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Venezuela’s opposition hailed an unofficial “plebiscite” held Sunday as a blow against President Nicolas Maduro and his plan to rewrite the constitution, though deadly violence reared its head again with a deadly attack on voters in Caracas….
Venezuela’s opposition hailed an unofficial “plebiscite” held Sunday as a blow against President Nicolas Maduro and his plan to rewrite the constitution, though deadly violence reared its head again with a deadly attack on voters in Caracas.
Nearly 7.2 million Venezuelans took part in the symbolic vote, spurned by Maduro supporters, university guarantors said with about 95 per cent of ballots counted.
Venezuela “sent a clear message to the national executive and the world, ” announced Central University of Venezuela president Cecilia Garcia Arocha, noting that 6,492,381 voted in the country and 693,789 abroad.
Voters were asked to fill out ballots featuring three yes-or-no questions. Do they reject the constitutional assembly? Do they want the armed forces to back congress? Do they support the formation of a government comprised both of Maduro backers and opponents?
Garcia said final results would be released Monday.
“We do not want to be Cuba, we do not want to be a country without freedom, ” said Julio Borges, leader of the opposition-controlled parliament.
“Today, Venezuela said yes to a dignified country, a democratic country, a country where people do not have to go because they have no future. The mandate the people have given us is clear.”
A 61-year-old woman was killed and three other people wounded when gunmen on motorcycles opened fire on people lined up to vote in Catia, a working-class neighborhood in the capital, prosecutors said.
The death brought to 96 the number of people who have died in nearly four months of protests and political agitation in Venezuela’s streets.
The opposition blamed the attack on “paramilitary groups” linked to the government.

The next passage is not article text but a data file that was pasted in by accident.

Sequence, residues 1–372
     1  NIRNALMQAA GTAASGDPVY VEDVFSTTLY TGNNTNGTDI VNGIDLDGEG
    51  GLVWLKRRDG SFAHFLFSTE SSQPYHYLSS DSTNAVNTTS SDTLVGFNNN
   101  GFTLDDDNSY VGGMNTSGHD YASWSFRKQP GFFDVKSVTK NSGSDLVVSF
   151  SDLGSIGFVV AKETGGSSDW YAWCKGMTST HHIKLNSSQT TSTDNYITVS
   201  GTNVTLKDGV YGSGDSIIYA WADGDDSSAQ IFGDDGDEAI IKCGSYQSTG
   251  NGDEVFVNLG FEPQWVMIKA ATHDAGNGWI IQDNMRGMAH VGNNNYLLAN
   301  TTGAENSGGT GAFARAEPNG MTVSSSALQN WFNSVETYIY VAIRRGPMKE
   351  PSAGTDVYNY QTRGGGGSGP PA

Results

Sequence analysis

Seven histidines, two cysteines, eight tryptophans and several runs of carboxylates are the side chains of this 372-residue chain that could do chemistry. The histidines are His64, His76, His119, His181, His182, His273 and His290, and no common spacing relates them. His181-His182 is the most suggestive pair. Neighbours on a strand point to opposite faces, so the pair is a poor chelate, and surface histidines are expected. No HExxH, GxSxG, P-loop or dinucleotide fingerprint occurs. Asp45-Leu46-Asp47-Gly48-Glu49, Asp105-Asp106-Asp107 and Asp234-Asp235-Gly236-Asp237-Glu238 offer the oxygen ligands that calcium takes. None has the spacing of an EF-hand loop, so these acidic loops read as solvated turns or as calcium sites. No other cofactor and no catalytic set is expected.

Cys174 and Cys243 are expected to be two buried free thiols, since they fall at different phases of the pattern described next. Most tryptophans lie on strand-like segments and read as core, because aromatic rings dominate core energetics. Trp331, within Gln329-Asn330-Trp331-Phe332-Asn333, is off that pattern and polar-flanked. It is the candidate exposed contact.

Maduro told the opposition to “not go crazy” with the results of its vote, though the head of the national electoral council told the opposition that the result would be considered to have “no legal consequence.”
Meanwhile, Venezuelan Foreign Minister Samuel Moncada said on VTV government TV that he was declaring former Mexican President Vicente Fox persona non grata and banning him from the country for conspiring to instigate violence and foreign intervention. Moncada did not provide evidence to back his claims.
Fox, who left Venezuela late Sunday, had travelled to the country with several other Latin American ex-leaders in a show of support for the opposition’s referendum.
The Mexican government, critical of Maduro, called for the results of the opposition consultation to lead to a “negotiated solution” to help “restore” democracy.
Some Venezuelans, blaming food and medicine shortages on Maduro’s policies, seized on the vote as a way of telling the president to leave office.
People took to Caracas’ streets after the vote shouting “this government is falling” as motorists honked their horns in celebration.
Analysts said the 7.2 million votes was an impressive show of support. However, it fell short of the opposition’s 7.7 million-vote showing in 2015 legislative elections and the 7.5 million votes that brought Maduro to power in 2013. Opposition leaders said that was because it was only able to set up 2,000 polling places in a symbolic exercise the government labelled as illegitimate.
Still, some supporters said they were disappointed.
“I thought it was going to be more, ” said Mariela Arana, a 56-year-old school counsellor. “But these seven million people spoke and it was plenty.”
Additional reporting by Associated Press

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